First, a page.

I was recently notified by one of the frequent-flier programs I joined years ago that I had some miles set to expire. So I figured it was finally time to book that European trip I have been considering.
It turned out, the miles in my account wouldn’t get me all that much, especially if I wanted to travel at a day and time that any sane person would want to travel. Even then, I was looking at well more than $100 in fees to make use of my “free” flight.
At which point I asked myself: “Why am I bothering to play this game anymore?”
And I may not be the only one thinking this.
Americans have long loved frequent flier and other loyalty programs — research has found that 89% of consumers are enrolled in at least one of them. This eagerness to earn mile after mile was best captured in the 2009 George Clooney film “Up in the Air,” in which Clooney’s character aims to become a 10-million-mile flier with his preferred airline.
But these days, frequent fliers are frequently frustrated by the airline programs. Consider the outrage that followed when Delta Air Lines announced changes to its SkyMiles program, adjusting it so that consumers could earn elite status, with all its attendant perks, only through their spending (as opposed to their accumulated miles or segments flown).
I won’t pretend to understand all the particulars of the new rules, but NerdWallet summed up the net effect thusly, echoing the frustrations of many Delta loyalists: “Basically, Delta determined that the problem with its elite status program was that it wasn’t elite enough. So it kicked all the medium rollers out of its club.”
CEO Ed Bastian has now said the airline will re-examine the situation and make some “modifications.”
“Our team wanted to kind of rip the Band-Aid off and didn’t want to keep having to go through this every year with changes and nickel and diming,’’ Bastian said in Atlanta earlier this week. “I think we moved too fast.”
A Delta spokesperson contacted by MarketWatch had no additional comment.
While the news may hint that SkyMiles members voices’ have been heard, Bastian’s remarks still speak volumes. Because they acknowledge what has happened in the four decades since frequent-flier programs were launched by all the major airlines.
Namely, with each passing year the programs seem to change, a point perfectly illustrated in a 2021 overview from The Points Guy, a leading site that’s all about mastering the frequent-flier game.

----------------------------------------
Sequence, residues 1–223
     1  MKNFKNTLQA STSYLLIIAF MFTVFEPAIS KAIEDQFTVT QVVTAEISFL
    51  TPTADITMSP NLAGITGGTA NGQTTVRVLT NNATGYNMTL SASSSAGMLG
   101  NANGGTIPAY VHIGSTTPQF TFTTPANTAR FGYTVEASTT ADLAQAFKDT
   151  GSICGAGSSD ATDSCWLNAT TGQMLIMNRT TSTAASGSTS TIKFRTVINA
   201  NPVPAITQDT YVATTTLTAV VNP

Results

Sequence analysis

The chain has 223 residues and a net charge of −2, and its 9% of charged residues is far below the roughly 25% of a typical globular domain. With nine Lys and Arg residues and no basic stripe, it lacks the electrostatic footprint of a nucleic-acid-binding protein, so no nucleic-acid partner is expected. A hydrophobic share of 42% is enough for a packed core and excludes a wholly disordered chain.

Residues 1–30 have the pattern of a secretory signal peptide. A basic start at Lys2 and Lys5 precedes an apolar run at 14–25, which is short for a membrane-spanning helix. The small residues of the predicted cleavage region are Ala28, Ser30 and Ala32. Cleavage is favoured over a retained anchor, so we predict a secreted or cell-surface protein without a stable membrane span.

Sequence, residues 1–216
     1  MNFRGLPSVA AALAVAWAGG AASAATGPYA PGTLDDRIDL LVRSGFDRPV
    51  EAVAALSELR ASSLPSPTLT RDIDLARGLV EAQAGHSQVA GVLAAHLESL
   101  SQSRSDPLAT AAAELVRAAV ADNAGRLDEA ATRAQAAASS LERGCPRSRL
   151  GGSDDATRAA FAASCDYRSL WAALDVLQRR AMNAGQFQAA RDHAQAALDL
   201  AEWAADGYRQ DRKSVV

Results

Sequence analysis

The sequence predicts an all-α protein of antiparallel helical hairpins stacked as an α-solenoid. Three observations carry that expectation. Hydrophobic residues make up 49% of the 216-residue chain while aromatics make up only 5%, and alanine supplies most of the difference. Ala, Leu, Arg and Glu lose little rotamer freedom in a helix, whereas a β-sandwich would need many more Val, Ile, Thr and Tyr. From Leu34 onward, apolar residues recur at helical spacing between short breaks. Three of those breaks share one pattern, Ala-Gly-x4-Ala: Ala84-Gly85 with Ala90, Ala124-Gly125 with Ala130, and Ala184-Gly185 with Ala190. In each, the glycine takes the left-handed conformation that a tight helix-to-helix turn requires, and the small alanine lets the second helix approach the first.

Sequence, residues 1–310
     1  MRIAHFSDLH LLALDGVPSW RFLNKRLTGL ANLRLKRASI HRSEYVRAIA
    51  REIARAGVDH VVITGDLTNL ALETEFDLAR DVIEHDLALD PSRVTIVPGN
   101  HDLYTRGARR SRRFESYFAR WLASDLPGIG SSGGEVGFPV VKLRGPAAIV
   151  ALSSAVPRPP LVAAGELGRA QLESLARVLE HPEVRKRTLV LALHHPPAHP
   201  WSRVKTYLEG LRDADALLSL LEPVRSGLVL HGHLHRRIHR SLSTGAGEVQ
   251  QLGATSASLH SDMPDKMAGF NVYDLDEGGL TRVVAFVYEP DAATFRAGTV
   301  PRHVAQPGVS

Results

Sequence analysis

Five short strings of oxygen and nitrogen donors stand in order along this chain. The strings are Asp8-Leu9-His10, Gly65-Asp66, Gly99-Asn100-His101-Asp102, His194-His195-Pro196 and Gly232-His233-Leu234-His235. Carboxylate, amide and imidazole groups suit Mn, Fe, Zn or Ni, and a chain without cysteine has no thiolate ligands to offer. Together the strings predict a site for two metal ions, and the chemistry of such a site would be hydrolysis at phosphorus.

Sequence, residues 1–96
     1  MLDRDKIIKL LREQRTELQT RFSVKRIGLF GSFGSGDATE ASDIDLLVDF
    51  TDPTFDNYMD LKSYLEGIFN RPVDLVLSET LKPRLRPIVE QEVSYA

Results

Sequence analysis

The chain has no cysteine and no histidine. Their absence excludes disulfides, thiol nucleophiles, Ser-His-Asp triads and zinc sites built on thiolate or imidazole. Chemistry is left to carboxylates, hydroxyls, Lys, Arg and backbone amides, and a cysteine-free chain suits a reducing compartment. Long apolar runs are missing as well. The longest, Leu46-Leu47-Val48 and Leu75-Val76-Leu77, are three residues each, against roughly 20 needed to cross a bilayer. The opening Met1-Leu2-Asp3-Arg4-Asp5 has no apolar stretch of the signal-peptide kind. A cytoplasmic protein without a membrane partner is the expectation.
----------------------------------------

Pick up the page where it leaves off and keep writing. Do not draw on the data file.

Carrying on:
It chronicles each of the waves of shifts and modifications to the programs. Some have been positive, such as when the airlines began allowing you to earn miles through car-rental companies, restaurants and other partners. But many more have been negative, such as when some airlines started implementing expiration dates for your miles.
“‘The programs are hopelessly confusing, byzantine and almost impossible to use for the average traveler.’”
Even when considering the positives, the consumer has generally been on the losing side — in terms of not just how their miles have been devalued, but also how the programs have become so overladen with rules and restrictions.
Or as veteran travel journalist Christopher Elliott told me: “The programs are hopelessly confusing, byzantine and almost impossible to use for the average traveler.”
Indeed, it’s very telling that Elliott, who’s on the road almost 365 days a year, doesn’t bother with the programs anymore. And he believes others are starting to feel the same way.
“We’re definitely at an inflection point,” he said.
Then again, we still have nearly 90% of consumers who are loyal to the concept of loyalty programs — or, at least, participating in them. But more important, we have airlines making real money off them, so they’ll keep on promoting them heavily to us.
They’re earning that revenue in ways you may not realize. It’s not just about winning your loyalty so you’ll continue paying for flights in an effort to accumulate miles. Rather, as The Points Guy senior aviation business reporter David Slotnick explained to me, the airlines make a hefty amount of money — billions of dollars, in fact — selling their miles to credit-card companies.
Yes, every time you sign up for a card that earns you miles or points through an airline, it’s the card issuer that’s paying for them. Slotnick said the going rate is around a penny a mile or point. It’s something card issuers are willing to do because they hope to make back their money — and then some — in other ways. (Think interchange fees or interest on your debt.)
Of course, if travelers book flights with all those credit-card miles, it costs airlines to run the planes. But here’s the other secret of the frequent-flier trade: Lots of miles go unused — no doubt because the programs have become so, well, difficult to use. McKinsey, the management-consulting company, once estimated that 30 trillion frequent-flier miles are left “unspent.”
Which brings me back to the miles I’m letting go unused because that European trip isn’t going to happen — or at least not without foregoing any of my frequent-flier programs and just paying for a flight.
I’m old enough to remember when these programs made real sense and the math was easy to sort out in terms of how much you needed to fly to get a ticket that was truly free. Heck, I’m old enough to remember when my parents, now long gone, could tally up those miles, too, despite the fact they never could figure out how to use a computer.
All of this kept us loyal to certain airlines — a win-win for the consumer and the carrier alike. After all, isn’t that the idea behind a loyalty program?
Now, that point is increasingly getting lost — just like the points (and miles) themselves.